Understanding the meaning behind Merrivale sculptures

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New signage has been installed at Marrang Park in Merrivale to help visitors learn more about three existing sandstone sculptures.

The sculptures were designed by Peek Whurrong Elder Uncle Robert Lowe and carved by Mick Rigg as part of a larger project led by the Merrivale Community Association to beautify the area that began in 2006.

Uncle Robert said that the three artworks, Kuront (white-face heron), Pareetch (water) and Marrang (meeting place) was a way to tell the story of the Indigenous people who lived in the area near Levys Point and along the sand dunes.

“The symbols represent the storyline. Our ancestors camped just across the river,” he said.

“I designed them and a good friend of mine Mick Rigg carved them out, so an Indigenous person and a non-Indigenous person working together.”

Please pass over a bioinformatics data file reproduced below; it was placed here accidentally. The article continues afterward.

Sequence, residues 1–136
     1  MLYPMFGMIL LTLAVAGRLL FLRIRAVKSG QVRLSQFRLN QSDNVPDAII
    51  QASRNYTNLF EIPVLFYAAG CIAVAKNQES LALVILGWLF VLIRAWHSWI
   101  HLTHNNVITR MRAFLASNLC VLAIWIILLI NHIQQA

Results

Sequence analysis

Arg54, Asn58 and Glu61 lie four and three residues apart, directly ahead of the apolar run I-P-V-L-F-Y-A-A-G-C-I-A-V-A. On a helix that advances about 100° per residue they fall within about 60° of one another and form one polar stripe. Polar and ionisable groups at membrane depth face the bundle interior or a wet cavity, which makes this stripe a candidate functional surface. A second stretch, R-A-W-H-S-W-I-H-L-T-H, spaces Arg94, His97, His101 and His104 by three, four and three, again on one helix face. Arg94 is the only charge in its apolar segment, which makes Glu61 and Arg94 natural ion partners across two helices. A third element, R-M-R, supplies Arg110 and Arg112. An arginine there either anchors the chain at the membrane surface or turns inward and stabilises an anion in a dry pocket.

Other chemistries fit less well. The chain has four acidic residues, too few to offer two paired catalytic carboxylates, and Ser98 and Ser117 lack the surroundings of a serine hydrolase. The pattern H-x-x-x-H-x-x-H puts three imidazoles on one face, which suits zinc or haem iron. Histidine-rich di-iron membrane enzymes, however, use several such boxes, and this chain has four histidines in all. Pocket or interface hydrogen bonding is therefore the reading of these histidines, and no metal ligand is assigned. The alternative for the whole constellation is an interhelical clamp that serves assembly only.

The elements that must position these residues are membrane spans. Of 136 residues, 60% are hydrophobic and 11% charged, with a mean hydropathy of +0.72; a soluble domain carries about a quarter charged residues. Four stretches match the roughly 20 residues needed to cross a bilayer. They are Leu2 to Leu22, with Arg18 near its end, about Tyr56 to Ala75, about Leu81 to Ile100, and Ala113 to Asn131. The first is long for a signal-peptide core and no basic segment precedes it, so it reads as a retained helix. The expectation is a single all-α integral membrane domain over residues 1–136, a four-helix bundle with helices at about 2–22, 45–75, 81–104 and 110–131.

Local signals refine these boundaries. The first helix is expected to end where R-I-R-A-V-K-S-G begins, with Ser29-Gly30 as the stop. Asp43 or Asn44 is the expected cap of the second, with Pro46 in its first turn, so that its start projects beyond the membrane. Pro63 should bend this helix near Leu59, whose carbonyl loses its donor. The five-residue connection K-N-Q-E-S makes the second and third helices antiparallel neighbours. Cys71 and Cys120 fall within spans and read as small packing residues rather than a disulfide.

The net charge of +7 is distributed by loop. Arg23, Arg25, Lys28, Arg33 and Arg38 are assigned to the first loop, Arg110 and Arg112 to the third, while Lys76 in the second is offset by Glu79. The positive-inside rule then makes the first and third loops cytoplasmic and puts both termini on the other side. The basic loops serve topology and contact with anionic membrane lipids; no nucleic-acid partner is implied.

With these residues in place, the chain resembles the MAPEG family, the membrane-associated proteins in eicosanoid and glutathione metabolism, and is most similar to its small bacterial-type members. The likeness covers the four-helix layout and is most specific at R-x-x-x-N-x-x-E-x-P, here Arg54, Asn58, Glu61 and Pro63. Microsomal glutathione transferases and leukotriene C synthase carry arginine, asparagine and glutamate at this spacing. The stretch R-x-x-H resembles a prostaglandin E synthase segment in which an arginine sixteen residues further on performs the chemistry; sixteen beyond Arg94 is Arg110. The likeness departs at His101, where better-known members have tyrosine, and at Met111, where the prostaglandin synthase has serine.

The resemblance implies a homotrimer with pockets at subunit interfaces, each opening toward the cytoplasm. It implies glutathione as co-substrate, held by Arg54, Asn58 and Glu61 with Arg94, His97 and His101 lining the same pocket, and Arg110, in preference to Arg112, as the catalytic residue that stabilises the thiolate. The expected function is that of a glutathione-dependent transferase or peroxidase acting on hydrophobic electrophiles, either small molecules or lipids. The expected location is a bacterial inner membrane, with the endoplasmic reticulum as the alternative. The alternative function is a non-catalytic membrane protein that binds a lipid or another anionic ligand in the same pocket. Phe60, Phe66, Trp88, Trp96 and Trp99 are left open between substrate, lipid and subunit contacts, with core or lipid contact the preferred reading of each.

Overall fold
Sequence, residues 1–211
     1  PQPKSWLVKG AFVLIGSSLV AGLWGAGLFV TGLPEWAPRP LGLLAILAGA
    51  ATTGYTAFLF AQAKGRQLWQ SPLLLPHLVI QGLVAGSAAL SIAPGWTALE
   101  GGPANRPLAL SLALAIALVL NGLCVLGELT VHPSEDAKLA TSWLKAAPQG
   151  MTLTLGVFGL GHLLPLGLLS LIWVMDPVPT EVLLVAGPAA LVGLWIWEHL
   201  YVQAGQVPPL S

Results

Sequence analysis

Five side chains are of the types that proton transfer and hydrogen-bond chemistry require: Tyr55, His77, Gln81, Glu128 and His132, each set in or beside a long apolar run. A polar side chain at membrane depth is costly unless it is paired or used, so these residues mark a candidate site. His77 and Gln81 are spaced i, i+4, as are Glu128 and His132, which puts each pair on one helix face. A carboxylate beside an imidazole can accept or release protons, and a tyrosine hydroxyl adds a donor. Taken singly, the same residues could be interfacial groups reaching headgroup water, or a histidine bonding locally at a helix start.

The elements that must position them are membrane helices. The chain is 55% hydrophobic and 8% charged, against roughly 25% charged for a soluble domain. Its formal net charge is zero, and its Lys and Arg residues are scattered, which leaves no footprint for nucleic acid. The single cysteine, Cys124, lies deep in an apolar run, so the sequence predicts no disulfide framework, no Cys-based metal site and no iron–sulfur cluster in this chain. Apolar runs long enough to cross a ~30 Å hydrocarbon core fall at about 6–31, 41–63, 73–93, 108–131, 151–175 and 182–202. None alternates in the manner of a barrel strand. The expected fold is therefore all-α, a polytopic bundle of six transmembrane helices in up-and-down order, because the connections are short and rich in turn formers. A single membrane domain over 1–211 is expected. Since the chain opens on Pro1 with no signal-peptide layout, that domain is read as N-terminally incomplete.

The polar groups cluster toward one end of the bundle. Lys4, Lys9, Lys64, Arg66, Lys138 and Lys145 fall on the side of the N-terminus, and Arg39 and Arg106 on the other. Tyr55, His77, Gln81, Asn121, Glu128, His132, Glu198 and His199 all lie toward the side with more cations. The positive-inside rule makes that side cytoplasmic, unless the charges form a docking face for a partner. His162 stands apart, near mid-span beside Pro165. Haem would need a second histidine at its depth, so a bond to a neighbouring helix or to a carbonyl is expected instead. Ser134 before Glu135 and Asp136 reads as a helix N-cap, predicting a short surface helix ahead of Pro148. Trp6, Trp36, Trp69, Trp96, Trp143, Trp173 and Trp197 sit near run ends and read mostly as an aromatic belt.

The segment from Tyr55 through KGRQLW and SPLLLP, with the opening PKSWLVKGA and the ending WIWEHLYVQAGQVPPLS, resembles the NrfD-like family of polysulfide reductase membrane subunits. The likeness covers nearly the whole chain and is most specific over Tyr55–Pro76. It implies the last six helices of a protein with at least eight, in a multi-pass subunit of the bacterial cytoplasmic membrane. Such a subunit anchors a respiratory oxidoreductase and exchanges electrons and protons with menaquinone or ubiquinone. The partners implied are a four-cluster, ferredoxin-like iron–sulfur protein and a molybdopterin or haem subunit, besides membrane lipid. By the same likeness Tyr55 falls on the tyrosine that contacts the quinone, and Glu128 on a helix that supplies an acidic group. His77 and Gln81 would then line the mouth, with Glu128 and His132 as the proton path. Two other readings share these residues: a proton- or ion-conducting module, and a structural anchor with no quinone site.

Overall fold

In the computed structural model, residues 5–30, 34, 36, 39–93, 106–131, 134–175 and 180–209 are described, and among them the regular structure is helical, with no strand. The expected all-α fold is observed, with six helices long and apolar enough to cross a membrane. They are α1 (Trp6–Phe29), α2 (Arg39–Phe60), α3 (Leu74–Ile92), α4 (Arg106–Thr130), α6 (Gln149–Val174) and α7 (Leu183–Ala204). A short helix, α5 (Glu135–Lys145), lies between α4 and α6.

Uncle Robert said that seeing the usage of the Peek Whurrong language in public signage, the dual naming of places, as well as being taught in Council-run kindergartens carried great significance. 

“Having the Indigenous and English language there gives people an idea about what (the sculptures) actually are and what they mean,” he said.

“What we have been hearing and what we see with the younger generation, even the non-Indigenous kids, it brings tears to your eyes… when you see kindergarten kids sitting down and talking in language it takes you back to the ancestor days when our people did sit around and speak in language.”

Warrnambool Mayor Cr Vicki Jellie said that Council now employs an Indigenous Liaison Officer to help the organisation work more closely with the local Indigenous community on a range of projects.

“A lot of people don’t know about these sculptures and this park unless you live in the Merrivale area - it’s a hidden gem,” she said.

“We are working to recognise the importance of Indigenous culture for the whole community.

“It’s really important for our understanding and education, not only to Warrnambool but for the whole region.”